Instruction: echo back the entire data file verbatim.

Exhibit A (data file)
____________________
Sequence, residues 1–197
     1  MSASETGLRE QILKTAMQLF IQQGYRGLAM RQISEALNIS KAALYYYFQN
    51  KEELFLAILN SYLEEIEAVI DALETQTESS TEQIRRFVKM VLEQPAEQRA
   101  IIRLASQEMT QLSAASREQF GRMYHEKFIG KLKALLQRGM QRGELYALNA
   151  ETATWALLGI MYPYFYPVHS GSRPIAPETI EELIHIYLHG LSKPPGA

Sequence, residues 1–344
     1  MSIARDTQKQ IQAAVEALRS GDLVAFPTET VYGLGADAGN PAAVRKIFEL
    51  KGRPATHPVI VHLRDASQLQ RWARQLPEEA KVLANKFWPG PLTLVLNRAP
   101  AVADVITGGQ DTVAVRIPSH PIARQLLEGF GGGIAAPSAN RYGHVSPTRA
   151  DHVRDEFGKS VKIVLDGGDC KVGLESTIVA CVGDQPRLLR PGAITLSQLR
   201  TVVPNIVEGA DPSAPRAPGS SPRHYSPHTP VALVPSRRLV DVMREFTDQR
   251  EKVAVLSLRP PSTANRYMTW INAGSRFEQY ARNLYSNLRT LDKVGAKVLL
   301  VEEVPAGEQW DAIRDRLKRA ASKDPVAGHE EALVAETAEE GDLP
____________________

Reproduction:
Sequence, residues 1–197
     1  MSASETGLRE QILKTAMQLF IQQGYRGLAM RQISEALNIS KAALYYYFQN
    51  KEELFLAILN SYLEEIEAVI DALETQTESS TEQIRRFVKM VLEQPAEQRA
   101  IIRLASQEMT QLSAASREQF GRMYHEKFIG KLKALLQRGM QRGELYALNA
   151  ETATWALLGI MYPYFYPVHS GSRPIAPETI EELIHIYLHG LSKPPGA

Sequence, residues 1–344
     1  MSIARDTQKQ IQAAVEALRS GDLVAFPTET VYGLGADAGN PAAVRKIFEL
    51  KGRPATHPVI VHLRDASQLQ RWARQLPEEA KVLANKFWPG PLTLVLNRAP
   101  AVADVITGGQ DTVAVRIPSH PIARQLLEGF GGGIAAPSAN RYGHVSPTRA
   151  DHVRDEFGKS VKIVLDGGDC KVGLESTIVA CVGDQPRLLR PGAITLSQLR
   201  TVVPNIVEGA DPSAPRAPGS SPRHYSPHTP VALVPSRRLV DVMREFTDQR
   251  EKVAVLSLRP PSTANRYMTW INAGSRFEQY ARNLYSNLRT LDKVGAKVLL
   301  VEEVPAGEQW DAIRDRLKRA ASKDPVAGHE EALVAETAEE GDLP